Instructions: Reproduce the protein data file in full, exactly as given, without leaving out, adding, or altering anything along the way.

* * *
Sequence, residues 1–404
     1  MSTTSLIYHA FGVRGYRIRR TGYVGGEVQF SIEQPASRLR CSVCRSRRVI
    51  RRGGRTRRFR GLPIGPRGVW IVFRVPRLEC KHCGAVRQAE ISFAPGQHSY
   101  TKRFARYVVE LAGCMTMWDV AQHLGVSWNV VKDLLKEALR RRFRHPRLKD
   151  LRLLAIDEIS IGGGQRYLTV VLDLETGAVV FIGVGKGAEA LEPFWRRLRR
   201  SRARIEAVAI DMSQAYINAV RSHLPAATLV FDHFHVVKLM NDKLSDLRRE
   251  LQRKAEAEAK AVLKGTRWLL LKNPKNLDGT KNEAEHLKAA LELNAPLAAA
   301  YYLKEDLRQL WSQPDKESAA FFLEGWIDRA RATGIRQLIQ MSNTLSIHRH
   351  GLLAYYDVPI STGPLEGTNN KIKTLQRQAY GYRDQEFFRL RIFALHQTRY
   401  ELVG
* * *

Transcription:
Sequence, residues 1–404
     1  MSTTSLIYHA FGVRGYRIRR TGYVGGEVQF SIEQPASRLR CSVCRSRRVI
    51  RRGGRTRRFR GLPIGPRGVW IVFRVPRLEC KHCGAVRQAE ISFAPGQHSY
   101  TKRFARYVVE LAGCMTMWDV AQHLGVSWNV VKDLLKEALR RRFRHPRLKD
   151  LRLLAIDEIS IGGGQRYLTV VLDLETGAVV FIGVGKGAEA LEPFWRRLRR
   201  SRARIEAVAI DMSQAYINAV RSHLPAATLV FDHFHVVKLM NDKLSDLRRE
   251  LQRKAEAEAK AVLKGTRWLL LKNPKNLDGT KNEAEHLKAA LELNAPLAAA
   301  YYLKEDLRQL WSQPDKESAA FFLEGWIDRA RATGIRQLIQ MSNTLSIHRH
   351  GLLAYYDVPI STGPLEGTNN KIKTLQRQAY GYRDQEFFRL RIFALHQTRY
   401  ELVG